In 2019, I spent 8 days making day hikes in the Hochschwarzwald, which became my favourite hiking area in Germany after my Schluchtensteig walk in 2012. On one of the day hikes, I visited the Hotzenwald, a relatively unknown region of the Südschwarzwald near Görwihl and really enjoyed my short walk along the Höllbachschlucht. The deep gorge with its rushing rivers and deep green mixed forest left a lasting impression. During that walk, I noticed signs for the Albsteig, a new trail which opened in 2017 and was awarded Qualitätsweg status by Wanderbares Deutschland in January 2018. The trail is officially named the "Albsteig Schwarzwald" to differentiate it from the original 350Km Albsteig HW1 which runs along the escarpment of the Schwäbische Alb. This new long-distance trail follows the Alb river from where it flows into the Rhein at Albbruck through the Albtal to St. Blasien. A short distance north from St. Blasien, the Alb is formed by the confluence of two smaller rivers, Menzenschwander Alb and Bernauer Alb which have their sources on the Feldberg and Herzogenhorn mountains respectively. From the confluence of the source rivers, the trail offers an eastern or western variant to the crest of the Feldbergpass, with an optional return loop to St Blasien on the opposite variant for a total trail length of 84Km.
The Schwarzwald is one of Germany's best hiking areas and I wanted to return there in 2023 to walk my tenth Fernwanderweg.
Although there are other appealing short trails (100Km or less) through the Black Forest, I discounted the alternatives for various reasons and decided to walk the Albsteig.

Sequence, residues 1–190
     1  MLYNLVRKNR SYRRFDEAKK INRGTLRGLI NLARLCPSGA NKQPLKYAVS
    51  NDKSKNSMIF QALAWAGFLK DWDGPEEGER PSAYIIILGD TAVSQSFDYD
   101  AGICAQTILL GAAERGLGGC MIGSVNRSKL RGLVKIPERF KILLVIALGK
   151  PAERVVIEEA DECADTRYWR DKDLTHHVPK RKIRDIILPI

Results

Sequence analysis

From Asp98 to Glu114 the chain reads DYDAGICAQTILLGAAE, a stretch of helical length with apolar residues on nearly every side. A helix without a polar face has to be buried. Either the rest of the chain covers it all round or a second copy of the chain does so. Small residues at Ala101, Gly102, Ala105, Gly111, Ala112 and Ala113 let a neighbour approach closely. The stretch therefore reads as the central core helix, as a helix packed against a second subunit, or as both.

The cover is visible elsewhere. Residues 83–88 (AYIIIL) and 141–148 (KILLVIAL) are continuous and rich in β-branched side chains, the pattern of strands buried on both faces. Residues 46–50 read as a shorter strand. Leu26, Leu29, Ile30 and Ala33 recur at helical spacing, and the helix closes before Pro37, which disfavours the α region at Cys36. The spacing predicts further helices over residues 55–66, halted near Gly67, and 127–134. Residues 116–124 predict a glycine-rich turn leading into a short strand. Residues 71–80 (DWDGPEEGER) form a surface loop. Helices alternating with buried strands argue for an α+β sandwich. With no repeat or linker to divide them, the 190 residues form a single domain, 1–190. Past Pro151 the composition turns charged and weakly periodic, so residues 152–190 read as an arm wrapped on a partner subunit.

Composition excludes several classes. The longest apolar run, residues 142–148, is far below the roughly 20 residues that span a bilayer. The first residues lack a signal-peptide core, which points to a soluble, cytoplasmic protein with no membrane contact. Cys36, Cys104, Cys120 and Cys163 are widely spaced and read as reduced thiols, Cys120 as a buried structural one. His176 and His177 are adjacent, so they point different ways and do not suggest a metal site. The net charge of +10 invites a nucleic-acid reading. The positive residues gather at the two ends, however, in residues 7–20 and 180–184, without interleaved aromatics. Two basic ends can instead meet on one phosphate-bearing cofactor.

The trail is designed to be walked either in 3 days (Sporting Stages) or 5 days (Connoisseur's Stages).
I found from my walk of the Lechweg that taking a "Sporting" option leaves no time to dally and explore, so settled for a 5 day walk, which would hopefully allow ample time for some landscape photography.
Although the "official" direction of the Albsteig is northwards from the Rhein to the source of the Alb, I always prefer to follow the flow of rivers, so subsequently planned to walk in a southerly direction from the Feldbergpass to Albbruck with the added bonus of getting my face suntanned instead of the back of my neck.
This change in direction made it impractical to walk a return loop from the Feldbergpass, so I settled for only walking one variant which reduces the total distance to 64Km, easily manageable for a 76 year old with a gammy leg.
Usually, I make my walks in late June, but the weather in the last few years has been exceedingly hot during that period, so I chose to walk the Albsteig in early September instead.
Hopefully, biting insects would be less active at that time of year.
I like to photograph waterfalls, so added some extra days to enable me to visit the Allerheiligen, Gertelbach, Triberg, Todtmoos, and Krai Woog Gumpen waterfalls plus a shopping trip to Freiburg, one of my favourite German cities.